My2Cents: The Impact Of Brands On Twitter [Infographic]
Don't tell me, I know. I know that the following infographic is titled "The Impact Of Twitter On Brands". But I cannot see this point. What promoted tweets, promoted trends and what else might be coming in future days really do, is leave their marks on Twitter. And I'm not sure whether this is for the better or for the worse. I tend to the latter. Anyway, let's have a look...
Buy Me A Tweet, Or Better, Buy Me A Whole Trend!
Credits, where credits due: Nick Steeves, marketing director at online marketing resource Wishpond took to the best practices section over at Twitter Business and put together the results of some, few of the listed examples. Twitter Business does a good job in telling success stories. A lot of big companies have already gotten convinced that promoted tweets and trends are a valid marketing tool.
So Nick took five of the available fifty-one examples to draft out an infographic that is supposed to show Twitter as a great tool for raising brand awareness, heightening the number of followers and what else business-people tend to take seriously important. I don't know why he did not dig deeper into the example portfolio. He need not have feared that he could find less successful stories in there. Hey, that's Twitter's Best Practice Collection. What would you expect?
Anyway, Nick chose to stick with less than 10 percent of the available examples. Still, these might be sufficient to convince potential customer prey to online marketing companies. Personally I'm not very much into this business-speak. "Increase in positive brand sentiment" and alike statements make me shiver.
Anyway, Nick Steeves manages to make clear that tweets and trends companies pay Twitter to promote into the streams of their user-base pay back. I myself have not once clicked on a promoted tweet nor trend but seemingly lots of people do. And they not only click, they retweet, they hashtag, the whole spectrum gets worked through.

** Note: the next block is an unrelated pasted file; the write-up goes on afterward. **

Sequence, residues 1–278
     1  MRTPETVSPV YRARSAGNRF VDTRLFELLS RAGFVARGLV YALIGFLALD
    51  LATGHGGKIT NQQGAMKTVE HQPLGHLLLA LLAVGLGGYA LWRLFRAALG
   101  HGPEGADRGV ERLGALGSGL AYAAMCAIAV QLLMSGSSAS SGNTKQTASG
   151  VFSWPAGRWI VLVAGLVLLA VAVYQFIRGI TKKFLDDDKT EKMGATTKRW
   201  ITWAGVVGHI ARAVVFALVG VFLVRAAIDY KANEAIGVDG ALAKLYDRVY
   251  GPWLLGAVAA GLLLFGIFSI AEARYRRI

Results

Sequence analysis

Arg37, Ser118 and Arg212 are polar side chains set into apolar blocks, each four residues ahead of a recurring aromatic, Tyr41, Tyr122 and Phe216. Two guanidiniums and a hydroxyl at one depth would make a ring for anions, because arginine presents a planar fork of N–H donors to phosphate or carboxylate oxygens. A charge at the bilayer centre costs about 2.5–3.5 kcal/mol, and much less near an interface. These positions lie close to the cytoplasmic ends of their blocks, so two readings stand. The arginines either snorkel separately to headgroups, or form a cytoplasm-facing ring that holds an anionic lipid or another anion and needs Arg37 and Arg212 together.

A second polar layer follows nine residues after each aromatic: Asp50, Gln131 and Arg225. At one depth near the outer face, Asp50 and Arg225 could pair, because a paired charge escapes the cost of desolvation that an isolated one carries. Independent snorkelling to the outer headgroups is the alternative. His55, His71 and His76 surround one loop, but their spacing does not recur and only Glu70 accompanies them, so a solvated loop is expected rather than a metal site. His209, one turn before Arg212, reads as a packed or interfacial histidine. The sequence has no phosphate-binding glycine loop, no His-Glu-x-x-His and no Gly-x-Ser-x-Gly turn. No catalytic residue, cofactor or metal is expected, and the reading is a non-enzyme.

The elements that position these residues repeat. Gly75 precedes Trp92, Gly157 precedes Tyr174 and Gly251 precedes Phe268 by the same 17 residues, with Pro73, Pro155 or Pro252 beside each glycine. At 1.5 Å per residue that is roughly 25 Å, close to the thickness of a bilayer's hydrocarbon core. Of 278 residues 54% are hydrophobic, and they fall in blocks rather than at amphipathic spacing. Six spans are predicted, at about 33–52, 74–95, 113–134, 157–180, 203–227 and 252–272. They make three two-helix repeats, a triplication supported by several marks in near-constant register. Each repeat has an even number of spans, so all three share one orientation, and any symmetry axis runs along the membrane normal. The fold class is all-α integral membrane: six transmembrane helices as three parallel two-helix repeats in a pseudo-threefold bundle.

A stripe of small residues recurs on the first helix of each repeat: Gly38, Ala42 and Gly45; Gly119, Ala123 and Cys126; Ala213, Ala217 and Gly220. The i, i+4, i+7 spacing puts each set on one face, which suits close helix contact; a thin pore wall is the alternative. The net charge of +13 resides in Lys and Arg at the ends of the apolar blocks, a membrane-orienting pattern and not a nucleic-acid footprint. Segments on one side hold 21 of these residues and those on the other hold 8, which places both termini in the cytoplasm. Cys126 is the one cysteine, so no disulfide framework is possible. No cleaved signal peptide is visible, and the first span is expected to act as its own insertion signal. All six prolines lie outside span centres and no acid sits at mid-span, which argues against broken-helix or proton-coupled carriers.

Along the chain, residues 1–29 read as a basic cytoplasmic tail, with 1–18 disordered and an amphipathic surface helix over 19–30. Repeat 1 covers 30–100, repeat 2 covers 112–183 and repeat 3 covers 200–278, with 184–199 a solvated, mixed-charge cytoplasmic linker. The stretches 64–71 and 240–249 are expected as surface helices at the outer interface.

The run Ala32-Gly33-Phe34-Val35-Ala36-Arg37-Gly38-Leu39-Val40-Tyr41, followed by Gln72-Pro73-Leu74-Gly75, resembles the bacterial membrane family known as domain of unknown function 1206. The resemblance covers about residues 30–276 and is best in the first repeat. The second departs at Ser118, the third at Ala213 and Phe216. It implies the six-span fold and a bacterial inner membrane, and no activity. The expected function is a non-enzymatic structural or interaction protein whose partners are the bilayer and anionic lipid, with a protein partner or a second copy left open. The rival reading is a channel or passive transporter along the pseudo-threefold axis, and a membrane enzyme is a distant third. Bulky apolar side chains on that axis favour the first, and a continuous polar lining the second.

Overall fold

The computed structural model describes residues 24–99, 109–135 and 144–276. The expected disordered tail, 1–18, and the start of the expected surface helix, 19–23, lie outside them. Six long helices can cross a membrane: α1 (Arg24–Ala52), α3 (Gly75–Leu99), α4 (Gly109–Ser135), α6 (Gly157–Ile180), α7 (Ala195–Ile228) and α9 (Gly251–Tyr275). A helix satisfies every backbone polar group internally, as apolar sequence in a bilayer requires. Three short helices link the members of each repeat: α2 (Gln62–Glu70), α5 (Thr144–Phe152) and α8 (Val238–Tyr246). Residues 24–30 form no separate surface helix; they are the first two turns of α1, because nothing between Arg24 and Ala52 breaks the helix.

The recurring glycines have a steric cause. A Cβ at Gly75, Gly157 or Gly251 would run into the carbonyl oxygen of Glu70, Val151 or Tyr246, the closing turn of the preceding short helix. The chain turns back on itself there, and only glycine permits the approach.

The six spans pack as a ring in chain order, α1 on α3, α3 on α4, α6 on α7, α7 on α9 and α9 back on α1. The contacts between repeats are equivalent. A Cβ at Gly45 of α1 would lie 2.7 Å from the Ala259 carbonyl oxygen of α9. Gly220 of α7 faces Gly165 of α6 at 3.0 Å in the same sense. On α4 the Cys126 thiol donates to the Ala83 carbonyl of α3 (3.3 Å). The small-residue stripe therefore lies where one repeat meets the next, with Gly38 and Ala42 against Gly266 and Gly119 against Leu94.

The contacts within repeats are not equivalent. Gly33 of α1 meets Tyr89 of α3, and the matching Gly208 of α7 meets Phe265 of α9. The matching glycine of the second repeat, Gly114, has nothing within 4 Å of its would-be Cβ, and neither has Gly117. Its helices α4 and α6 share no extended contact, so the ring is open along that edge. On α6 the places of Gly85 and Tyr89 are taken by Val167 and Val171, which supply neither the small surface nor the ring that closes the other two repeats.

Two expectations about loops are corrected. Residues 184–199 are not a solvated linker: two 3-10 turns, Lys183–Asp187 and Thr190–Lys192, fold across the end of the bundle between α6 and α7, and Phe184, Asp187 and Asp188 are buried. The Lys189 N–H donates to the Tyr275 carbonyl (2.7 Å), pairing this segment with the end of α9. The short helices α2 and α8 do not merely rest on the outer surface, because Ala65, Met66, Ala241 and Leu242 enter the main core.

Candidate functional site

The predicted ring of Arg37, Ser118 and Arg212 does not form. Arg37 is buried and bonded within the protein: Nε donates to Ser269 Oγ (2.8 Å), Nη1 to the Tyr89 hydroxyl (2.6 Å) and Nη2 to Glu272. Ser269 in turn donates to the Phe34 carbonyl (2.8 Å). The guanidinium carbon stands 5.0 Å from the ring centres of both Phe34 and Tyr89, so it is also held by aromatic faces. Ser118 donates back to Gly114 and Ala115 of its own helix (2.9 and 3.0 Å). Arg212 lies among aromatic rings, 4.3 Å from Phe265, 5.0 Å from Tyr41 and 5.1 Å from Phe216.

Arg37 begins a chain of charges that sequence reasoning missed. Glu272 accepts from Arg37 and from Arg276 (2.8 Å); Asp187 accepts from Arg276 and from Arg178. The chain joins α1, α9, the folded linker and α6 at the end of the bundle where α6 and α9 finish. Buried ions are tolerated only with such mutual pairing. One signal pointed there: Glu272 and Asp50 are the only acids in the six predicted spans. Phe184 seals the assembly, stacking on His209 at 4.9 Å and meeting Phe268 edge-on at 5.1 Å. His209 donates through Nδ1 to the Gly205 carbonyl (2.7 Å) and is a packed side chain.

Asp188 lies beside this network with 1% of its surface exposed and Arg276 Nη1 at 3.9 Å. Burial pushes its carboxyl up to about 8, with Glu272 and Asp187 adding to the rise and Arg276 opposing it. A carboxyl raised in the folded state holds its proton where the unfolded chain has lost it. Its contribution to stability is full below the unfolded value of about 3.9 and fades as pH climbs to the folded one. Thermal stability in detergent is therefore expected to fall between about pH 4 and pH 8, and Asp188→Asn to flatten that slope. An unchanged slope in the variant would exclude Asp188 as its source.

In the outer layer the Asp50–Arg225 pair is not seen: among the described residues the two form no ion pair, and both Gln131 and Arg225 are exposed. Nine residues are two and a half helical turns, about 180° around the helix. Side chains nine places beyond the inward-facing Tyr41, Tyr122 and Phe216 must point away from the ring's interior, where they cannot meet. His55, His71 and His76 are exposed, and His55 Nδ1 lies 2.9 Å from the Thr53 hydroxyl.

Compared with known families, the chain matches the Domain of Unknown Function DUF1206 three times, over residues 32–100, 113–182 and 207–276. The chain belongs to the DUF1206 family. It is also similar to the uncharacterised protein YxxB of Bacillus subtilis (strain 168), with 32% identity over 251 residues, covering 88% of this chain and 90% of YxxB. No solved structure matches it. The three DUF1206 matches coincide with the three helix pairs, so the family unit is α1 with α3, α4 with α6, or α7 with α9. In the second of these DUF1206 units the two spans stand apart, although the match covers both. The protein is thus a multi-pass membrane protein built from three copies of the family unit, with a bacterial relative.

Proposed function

The Demise of Online Credibility or the Best Idea Since Canned Beer?
What Twitter users who are not into getting spammed by tweets they haven't asked for or being notified of so-called trends that actually would be nothing without a payment from one company or another can only hope for is, that evangelists such as Nick Steeves don't get too successful in what they do. And more so, we should hope that promoted tweets and trends will always have to be marked as such. Imagine a Twitter where every second tweet is promoted while you cannot even tell the promoted from the organic.
Probably I'm too timid, but looking back at the last twenty years, I can't avoid to state that information has become more and more corrupted. It has become harder to differentiate fact from fiction and products such as promoted tweets and trends will not help make the world a better place in this regard. Hey, brainwave: How about "Promoted Truth"? I'm sure this would be a sales hit of epic dimensions. Need a slogan to support it? How about this one: "This changes everything!" What? Already taken? Think again...
Here comes the infographic by Wishpond. Clicking on it leads you to the original source over at Wishpond's blog:
- Twitter's Best Practices Collection - Business at Twitter
- [INFOGRAPHIC] The Impact of Twitter on Brands - Wishpond-Blog
Thank you for sharing my infographic in your article and giving your opinion on it. I was hoping for this infographic to be a sufficient subset of the original data, and I believe it is, as the rest of the data housed in Twitter’s case studies all carry the same sentiment.
Director of Marketing
P.S. – My name is Nick Steeves not Nick Walsh
Hi Nick Steeves.
If only I could figure out why I got your surname wrong?! Anyway, I corrected it. Sorry for renaming you.
Of course do all the “studies” carry the same sentiment ;-) Who’d have expected them not to?
Nevertheless it made me wonder why you came up with exactly these five.